Fourteen years after the establishment of the master’s degree program in coastal marine and wetland studies, the Department of Coastal and Marine Systems Science has unveiled a new curriculum to cater to prospective students: a non-thesis track option. As an alternative to the traditional research-driven degree, graduate students can acquire the necessary skills for the mastery of coastal marine and wetland studies without publishing a thesis.
To ensure similar skills are gained, non-thesis students have an expanded core curriculum, including scientific communication and quantitative skill-building courses. In this new option, supplemental coursework is required and a project(s)/internship can be completed instead of a thesis. These auxiliary projects can be related to research, educational outreach, environmental stewardship or an internship.
As an advanced degree has become more sought after for scientific careers both in the private and public sector, students may look for a path to gain the expertise required by a master’s degree without a coinciding focus on skillsets particular to academia. Clare Nolan is a current non-thesis track master’s student who is working to gain skills in lab and field techniques through her work on the Crabtree Microbial Source Tracking Project. During this project, she aims to determine the source of increased fecal bacteria in Crabtree Swamp, noted in previous sampling by CCU’s Environmental Quality Lab to be a more polluted region of the Waccamaw watershed. “I came to grad school because I was job searching with my lone bachelor’s degree in biology and found that almost every job I’d looked at required either two or more years of very specific work or a master’s degree,” she said. “Now at Coastal, it’s almost like I am doing both! For me, a paper with my name on it isn’t the main goal of grad school, it’s learning the techniques I need to know to work the jobs I’m interested in having.”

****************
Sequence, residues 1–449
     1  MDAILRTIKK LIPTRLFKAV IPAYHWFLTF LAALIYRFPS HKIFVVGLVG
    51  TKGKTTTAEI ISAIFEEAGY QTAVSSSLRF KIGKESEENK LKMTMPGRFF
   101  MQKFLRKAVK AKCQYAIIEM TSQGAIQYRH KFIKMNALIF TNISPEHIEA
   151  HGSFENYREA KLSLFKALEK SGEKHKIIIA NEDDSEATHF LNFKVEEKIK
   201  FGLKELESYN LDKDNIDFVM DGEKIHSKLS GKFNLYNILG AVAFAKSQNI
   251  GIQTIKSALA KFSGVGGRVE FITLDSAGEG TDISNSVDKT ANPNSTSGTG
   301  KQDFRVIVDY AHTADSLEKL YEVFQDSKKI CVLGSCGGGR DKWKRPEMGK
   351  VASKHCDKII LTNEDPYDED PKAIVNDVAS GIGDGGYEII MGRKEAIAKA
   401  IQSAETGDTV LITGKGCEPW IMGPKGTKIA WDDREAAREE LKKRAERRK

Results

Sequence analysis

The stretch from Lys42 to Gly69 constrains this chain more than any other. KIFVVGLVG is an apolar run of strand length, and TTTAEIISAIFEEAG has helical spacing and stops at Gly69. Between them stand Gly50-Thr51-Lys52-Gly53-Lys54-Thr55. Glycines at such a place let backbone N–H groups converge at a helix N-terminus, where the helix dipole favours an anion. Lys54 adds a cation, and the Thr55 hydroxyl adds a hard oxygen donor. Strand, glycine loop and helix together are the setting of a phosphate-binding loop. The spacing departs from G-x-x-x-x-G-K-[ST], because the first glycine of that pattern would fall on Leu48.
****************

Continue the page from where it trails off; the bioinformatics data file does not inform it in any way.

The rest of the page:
Richard Viso, Ph.D., advises prospective participants to “consider what type of skillset you need for [your desired career]” and to “make sure to understand the program and have a plan to complete it.” For current and prospective students, he recommends searching for potential projects or internships available and getting involved by volunteering. He also stresses the importance of making yourself visible and of engaging with the professors in your field to stay knowledgeable about opportunities aligned with your career aspirations.